Officers Reiss and Hanus saved the life of a terrified horse stuck in a burning barn when everyone else was helpless.
A raging fire is probably the most terrifying catastrophe mankind will ever face. Firefighters and first responders take part in intense training programs so they know how to behave when a fire breaks inside a house or a barn. Everyone else panics and makes mistakes.
That’s not the case of officers Matthew Reiss and Kristian Hanus. They showed up at Red Wing Farm in Pennsylvania and spotted the raging fire that had turned the whole place into a mess.
Officers Reiss and Hanus asked if there was anyone in the barn. The place was drowning in flames. One lady told them that there was no one around the spot, warning them about the terrified horse in the barn. The poor animal was frozen and couldn’t even take a step.
It was a serious situation and the officers had to act quickly. Getting the horse out of there was a priority, but they needed help to do that. They were shouting and screaming at the horse to make him move. It didn’t help and they used a rope and a lot of strength to pull the horse out of the barn. It was finally safe!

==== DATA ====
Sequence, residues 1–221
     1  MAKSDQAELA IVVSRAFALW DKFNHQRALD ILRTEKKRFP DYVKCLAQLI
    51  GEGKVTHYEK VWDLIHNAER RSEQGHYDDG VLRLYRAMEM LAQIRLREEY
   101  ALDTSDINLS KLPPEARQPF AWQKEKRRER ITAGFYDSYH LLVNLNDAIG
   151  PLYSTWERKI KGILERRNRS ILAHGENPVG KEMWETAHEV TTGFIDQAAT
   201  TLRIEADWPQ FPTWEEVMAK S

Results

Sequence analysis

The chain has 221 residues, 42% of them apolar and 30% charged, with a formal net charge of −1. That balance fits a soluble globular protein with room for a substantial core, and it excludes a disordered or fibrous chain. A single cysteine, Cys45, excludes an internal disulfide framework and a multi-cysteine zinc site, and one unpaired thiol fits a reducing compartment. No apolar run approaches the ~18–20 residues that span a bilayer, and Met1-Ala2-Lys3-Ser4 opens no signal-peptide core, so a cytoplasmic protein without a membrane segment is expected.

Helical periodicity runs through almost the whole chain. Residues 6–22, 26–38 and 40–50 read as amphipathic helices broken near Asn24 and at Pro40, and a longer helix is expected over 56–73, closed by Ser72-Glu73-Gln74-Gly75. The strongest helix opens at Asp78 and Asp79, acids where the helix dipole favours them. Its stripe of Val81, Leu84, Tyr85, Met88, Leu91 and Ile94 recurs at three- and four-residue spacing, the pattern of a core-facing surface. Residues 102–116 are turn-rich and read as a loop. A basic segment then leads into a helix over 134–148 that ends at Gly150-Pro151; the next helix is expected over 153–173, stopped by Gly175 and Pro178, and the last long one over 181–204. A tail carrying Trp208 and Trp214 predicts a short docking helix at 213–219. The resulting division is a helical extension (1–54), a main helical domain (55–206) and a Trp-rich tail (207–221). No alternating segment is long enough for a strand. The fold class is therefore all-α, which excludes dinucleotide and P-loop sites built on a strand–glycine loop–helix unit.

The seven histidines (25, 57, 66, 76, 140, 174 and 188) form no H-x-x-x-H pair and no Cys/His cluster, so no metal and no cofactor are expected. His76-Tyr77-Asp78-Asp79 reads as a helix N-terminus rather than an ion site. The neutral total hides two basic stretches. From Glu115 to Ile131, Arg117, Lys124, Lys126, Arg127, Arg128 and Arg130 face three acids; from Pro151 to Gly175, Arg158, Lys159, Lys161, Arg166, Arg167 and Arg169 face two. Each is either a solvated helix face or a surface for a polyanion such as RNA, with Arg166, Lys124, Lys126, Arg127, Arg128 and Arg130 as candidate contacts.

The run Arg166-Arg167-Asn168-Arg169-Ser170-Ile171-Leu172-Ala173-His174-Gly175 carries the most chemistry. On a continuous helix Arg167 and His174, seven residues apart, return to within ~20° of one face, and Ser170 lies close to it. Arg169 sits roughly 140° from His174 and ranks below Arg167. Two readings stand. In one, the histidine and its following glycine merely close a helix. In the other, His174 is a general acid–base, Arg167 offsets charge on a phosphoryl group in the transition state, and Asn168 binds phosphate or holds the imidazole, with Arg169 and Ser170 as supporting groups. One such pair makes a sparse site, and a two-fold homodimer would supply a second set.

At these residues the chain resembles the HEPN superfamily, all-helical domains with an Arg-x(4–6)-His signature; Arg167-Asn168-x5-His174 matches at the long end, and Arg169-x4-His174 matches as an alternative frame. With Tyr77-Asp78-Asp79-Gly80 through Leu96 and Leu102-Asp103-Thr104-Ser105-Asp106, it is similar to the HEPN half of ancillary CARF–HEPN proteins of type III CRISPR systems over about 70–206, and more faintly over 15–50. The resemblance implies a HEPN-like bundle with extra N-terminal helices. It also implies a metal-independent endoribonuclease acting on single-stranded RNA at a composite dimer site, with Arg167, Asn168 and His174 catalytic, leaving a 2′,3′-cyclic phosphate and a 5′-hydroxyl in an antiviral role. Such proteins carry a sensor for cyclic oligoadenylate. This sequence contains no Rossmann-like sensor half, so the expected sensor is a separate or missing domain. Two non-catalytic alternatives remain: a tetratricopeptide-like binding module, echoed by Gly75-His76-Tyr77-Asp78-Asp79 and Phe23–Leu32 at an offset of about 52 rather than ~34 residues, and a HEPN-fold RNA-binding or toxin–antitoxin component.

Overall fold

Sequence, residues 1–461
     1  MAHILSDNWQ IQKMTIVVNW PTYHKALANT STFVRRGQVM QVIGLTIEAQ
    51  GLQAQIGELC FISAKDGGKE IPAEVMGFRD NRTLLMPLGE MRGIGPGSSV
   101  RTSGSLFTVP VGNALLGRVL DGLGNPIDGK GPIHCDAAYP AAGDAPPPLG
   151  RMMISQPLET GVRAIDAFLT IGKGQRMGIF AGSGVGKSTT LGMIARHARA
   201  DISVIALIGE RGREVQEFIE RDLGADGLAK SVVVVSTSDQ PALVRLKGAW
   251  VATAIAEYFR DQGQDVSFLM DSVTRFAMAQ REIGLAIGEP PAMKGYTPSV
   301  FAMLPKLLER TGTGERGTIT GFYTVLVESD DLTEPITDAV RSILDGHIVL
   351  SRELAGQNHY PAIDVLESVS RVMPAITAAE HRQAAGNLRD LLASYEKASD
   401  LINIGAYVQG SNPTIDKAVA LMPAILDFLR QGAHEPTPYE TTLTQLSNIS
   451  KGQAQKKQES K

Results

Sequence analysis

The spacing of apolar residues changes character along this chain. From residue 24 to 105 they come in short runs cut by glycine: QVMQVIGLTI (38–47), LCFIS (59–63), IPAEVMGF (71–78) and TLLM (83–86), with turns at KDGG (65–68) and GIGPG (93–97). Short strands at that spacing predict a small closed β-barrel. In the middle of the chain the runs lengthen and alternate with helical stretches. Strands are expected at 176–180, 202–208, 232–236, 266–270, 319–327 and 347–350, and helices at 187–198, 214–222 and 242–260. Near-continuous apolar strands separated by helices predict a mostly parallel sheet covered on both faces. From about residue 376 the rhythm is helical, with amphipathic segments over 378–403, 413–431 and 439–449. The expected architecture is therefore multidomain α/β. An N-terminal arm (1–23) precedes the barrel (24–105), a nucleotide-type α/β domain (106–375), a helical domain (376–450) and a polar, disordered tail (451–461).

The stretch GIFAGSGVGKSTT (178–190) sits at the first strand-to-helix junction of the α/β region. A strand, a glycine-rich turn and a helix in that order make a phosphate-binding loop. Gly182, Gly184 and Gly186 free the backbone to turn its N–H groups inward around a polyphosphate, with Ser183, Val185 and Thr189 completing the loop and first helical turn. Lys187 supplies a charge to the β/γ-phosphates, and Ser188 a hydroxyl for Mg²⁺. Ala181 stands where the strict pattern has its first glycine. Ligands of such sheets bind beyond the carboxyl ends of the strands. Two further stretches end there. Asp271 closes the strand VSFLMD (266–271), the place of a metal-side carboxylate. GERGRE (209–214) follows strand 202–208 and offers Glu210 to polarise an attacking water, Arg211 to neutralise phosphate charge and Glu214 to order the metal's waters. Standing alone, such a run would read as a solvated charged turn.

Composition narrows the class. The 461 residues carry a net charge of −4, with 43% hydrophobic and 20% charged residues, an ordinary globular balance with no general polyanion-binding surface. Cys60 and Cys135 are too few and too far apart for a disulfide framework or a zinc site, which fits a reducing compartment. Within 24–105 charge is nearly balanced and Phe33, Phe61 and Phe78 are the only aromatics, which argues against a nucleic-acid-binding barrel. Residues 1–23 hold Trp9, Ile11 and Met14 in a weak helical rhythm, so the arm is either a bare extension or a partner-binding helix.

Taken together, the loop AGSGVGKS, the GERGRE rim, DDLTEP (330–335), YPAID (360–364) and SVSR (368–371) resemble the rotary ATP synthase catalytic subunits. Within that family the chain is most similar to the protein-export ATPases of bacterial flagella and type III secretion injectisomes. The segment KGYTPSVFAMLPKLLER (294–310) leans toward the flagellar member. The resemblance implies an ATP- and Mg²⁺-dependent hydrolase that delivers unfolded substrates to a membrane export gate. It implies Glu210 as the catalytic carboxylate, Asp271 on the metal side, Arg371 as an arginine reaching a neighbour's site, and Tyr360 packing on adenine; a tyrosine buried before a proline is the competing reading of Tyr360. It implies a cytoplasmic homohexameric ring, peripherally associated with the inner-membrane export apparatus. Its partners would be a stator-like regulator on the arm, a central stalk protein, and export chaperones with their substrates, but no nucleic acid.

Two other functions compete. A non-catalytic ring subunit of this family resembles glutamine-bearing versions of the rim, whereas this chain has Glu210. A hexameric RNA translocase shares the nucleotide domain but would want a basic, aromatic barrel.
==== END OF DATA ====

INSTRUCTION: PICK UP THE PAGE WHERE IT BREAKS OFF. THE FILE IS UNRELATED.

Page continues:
“The adrenaline was pumping,” Hanus said.
“She was definitely terrified, the cops were fantastic though, they jumped right in,” said Lena Obernesser, a riding instructor at Red Wing Farm. “I saw the footage and I was just in awe. Like, oh my God, thank God they were here.”
One of the officers had the whole action on his camera, and the video is pretty shocking. Sweat, high flames, ashes, screams, a terrified horse, a lot of action, and two brave officers.
Luckily, there are no victims. Officers Reiss and Hanus sustained minor injuries. Emergency responders took care of eight people on the farm. The barn was completely consumed by the flames and that’s the only major loss for the day.
“It was an absolute moment of excitement and adrenaline dump that we were successful,” Reiss added. “Minimal injuries to both he and I, and we were out there, so good work!”
Red Wing Farm calculated the damage, and they are receiving a lot of help from the community.
“We had trainers contacting us, people telling us like, hey, if you need places,” Obernesser explained. “The horses are at Ivy Hill right now and Park Avenue stables. They really stepped up, we had so many people reaching out. I was so proud to be a part of this community.”